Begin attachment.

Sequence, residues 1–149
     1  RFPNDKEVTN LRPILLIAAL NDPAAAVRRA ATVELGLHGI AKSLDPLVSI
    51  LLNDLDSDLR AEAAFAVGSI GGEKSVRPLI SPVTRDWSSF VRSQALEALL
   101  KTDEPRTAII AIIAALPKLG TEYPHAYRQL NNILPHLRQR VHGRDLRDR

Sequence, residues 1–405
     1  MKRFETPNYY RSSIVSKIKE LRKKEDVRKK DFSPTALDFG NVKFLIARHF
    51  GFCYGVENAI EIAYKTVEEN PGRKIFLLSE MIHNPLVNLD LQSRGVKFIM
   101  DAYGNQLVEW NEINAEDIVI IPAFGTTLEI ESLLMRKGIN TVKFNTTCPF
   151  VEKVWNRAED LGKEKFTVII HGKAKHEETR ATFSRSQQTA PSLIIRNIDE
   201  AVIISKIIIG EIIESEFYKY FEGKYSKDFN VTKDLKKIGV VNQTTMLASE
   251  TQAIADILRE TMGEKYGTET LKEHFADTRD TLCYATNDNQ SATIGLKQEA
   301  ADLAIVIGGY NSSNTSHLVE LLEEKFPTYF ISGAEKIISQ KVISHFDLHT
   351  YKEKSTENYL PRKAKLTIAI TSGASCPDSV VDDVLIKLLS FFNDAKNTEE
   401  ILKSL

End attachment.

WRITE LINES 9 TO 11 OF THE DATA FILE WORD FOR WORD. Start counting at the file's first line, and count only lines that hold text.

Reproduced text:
   151  VEKVWNRAED LGKEKFTVII HGKAKHEETR ATFSRSQQTA PSLIIRNIDE
   201  AVIISKIIIG EIIESEFYKY FEGKYSKDFN VTKDLKKIGV VNQTTMLASE
   251  TQAIADILRE TMGEKYGTET LKEHFADTRD TLCYATNDNQ SATIGLKQEA